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Musculoskeletal symptoms and perceived work strain among reindeer herders in Sweden
Umeå University, Faculty of Medicine, Department of Clinical Sciences, Psychiatry.
2008 (English)In: Occupational Medicine, ISSN 0962-7480, E-ISSN 1471-8405, Vol. 58, no 8, 572-579 p.Article in journal (Refereed) Published
Resource type
Text
Abstract [en]

Background There is a shortage of knowledge on the extent of musculoskeletal symptoms in reindeer husbandry.

Aims To investigate the prevalence and relative risk for musculoskeletal symptoms and perceived psychosocial work strain among reindeer herders.

Methods The prevalence of self-reported musculoskeletal symptoms during the last week and last year, respectively, were obtained from male reindeer herders (n = 74) of northern Sweden. Prevalence ratios (PRs) were calculated using two reference groups-women of reindeer-herding families (n = 53) and men in blue-collar occupations (n = 194). Comparisons were made of perceived job strain between the study and reference groups. Associations between job strain factors and the occurrence of musculoskeletal symptoms from different body regions were analysed with regression statistics.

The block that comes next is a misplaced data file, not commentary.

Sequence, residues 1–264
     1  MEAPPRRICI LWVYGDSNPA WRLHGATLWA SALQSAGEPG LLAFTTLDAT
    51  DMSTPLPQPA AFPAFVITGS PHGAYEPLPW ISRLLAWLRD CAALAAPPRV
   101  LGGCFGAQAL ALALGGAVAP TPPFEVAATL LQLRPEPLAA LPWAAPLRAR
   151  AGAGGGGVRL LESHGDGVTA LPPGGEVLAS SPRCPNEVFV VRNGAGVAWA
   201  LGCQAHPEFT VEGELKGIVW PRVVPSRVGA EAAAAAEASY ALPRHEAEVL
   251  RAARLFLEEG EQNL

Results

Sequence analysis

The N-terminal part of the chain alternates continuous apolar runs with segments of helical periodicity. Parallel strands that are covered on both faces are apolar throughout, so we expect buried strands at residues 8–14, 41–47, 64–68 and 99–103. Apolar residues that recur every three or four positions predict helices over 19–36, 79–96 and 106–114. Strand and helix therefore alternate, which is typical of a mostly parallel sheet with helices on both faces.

Results The PRs for musculoskeletal symptoms from the hand/wrist (PR 3.48, 95% CI 1.86-6.50) and lower back (PR 1.44, 95% CI 1.06-1.95) were significantly higher among the reindeer herders in comparison with men working with other blue-collar occupations. The reindeer herders reported significantly higher work demands and decision latitude compared with both reference groups (P < 0.05). Significant associations were observed between demands and prevalence of symptoms from the lower back (OR 1.42, 95 % CI 1.0 1-2. 0 1) and from at least one body region (OR 1.58, 95 % CI 1.07-2.32).

Conclusions The relative risk for musculoskeletal symptoms, particularly from the hands/wrists and lower back, was high among reindeer herders. It is suggested that musculoskeletal symptoms constitute a considerable health problem in modern reindeer husbandry, which calls for implementation of preventive measures addressing psychosocial, physical and socio-economic risk factors.